Friday, July 5, 2013

Astronomers Puzzled by Powerful Radio Bursts

radio burst over the Parkes telescope
Artist's impression of the 64-meter Parkes radio telescope shown with a bright radio burst blazing briefly far from the Milky Way's disk (red swath at right). The Milky Way image is from a hydrogen-alpha full-sky map.
Swinburne Astronomy Productions; background: H-alpha composite survey Finkbeiner 2003

If you’ve been waiting for mysterious radio signals from space, tune in. An international team of astronomers has detected four powerful bursts that appear to come from billions of light-years away. At that distance, the radio pulses would each have put out in a few thousandths of a second the same amount of energy that the Sun would need 10,000 years to emit.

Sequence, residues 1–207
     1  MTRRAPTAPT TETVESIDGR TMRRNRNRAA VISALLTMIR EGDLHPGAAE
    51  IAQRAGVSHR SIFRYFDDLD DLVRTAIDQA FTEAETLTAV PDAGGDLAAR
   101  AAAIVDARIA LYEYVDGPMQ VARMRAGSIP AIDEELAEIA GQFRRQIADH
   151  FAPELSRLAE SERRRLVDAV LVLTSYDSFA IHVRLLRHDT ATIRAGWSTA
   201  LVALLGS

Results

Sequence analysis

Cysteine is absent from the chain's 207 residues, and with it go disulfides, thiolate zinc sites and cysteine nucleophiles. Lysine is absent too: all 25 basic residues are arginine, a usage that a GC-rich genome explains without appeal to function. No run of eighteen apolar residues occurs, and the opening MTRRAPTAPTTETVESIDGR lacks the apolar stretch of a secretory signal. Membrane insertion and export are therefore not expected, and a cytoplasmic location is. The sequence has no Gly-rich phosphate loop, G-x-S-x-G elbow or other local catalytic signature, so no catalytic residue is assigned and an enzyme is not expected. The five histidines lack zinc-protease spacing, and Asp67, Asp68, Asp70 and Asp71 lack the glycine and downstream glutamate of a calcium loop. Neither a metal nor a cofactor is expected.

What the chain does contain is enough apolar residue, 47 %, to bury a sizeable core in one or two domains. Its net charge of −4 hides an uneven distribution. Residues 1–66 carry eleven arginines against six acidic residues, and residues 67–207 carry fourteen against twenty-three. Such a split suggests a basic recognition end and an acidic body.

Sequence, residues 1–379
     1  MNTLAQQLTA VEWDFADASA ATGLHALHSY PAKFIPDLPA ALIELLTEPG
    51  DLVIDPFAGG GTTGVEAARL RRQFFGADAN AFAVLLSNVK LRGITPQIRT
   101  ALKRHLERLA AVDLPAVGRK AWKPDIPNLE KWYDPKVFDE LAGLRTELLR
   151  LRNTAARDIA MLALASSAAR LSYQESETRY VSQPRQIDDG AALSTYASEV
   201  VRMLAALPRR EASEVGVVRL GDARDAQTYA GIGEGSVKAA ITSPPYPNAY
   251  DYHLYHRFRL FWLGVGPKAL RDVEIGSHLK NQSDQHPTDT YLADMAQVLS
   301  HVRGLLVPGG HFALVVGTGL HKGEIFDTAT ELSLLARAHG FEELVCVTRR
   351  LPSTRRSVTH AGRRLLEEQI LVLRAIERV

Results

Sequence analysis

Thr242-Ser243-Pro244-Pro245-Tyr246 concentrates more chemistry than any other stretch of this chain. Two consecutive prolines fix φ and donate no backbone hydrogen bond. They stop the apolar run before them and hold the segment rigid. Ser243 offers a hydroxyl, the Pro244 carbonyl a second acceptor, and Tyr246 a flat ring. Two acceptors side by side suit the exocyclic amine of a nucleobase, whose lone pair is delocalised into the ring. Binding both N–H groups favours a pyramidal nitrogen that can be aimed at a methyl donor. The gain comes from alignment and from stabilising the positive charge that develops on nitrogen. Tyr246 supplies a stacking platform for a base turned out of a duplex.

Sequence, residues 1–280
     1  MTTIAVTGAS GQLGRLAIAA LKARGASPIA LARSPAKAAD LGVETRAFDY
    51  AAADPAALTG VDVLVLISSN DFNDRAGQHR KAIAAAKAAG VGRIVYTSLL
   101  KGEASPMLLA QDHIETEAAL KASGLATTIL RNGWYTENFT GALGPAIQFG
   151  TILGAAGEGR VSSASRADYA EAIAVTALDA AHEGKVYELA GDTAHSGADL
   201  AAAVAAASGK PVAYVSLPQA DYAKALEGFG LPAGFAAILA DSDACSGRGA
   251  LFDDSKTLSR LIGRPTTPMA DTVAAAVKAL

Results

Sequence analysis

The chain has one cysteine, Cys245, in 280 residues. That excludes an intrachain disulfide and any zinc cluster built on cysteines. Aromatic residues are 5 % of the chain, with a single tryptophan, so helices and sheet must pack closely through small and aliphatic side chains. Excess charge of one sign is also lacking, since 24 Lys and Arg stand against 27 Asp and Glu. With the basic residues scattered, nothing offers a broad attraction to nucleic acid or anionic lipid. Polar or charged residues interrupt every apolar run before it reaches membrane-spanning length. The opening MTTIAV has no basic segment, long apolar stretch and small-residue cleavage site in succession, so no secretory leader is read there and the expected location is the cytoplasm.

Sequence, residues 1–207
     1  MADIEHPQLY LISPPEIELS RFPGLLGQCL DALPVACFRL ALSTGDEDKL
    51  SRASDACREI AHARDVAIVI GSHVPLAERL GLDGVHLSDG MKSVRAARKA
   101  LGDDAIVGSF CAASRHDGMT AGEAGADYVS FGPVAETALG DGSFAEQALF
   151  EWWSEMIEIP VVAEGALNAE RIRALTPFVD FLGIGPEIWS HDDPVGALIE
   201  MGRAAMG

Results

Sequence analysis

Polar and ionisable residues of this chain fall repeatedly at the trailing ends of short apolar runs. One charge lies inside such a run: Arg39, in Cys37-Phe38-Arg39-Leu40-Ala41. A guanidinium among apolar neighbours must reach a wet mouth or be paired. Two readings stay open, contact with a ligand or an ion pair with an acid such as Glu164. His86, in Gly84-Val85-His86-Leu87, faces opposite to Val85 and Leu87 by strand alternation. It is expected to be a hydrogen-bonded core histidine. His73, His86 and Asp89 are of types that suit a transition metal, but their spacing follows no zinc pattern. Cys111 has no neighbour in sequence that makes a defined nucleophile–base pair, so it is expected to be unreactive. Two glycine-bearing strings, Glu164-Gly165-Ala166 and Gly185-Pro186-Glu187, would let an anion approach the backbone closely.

(So no, it’s not E.T.)

The bizarre signals came to light as part of the High Time Resolution Universe survey, a project using the 64-meter Parkes radio telescope in Australia to search the sky for radio blips and pulsars, the spinning-lighthouse-like stellar corpses left behind by some supernovae. Because the pulsars we detect lie in our own galaxy, astronomers mostly look near the Milky Way’s plane when hunting for these zombie stars. But when grad student Dan Thornton (University of Manchester, U.K., and CSIRO, Australia) started digging through normally “boring” data far from the galaxy’s dusty gleam, he stumbled across the four enigmatic bursts.

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Source: Sky and Telescope Magazine.

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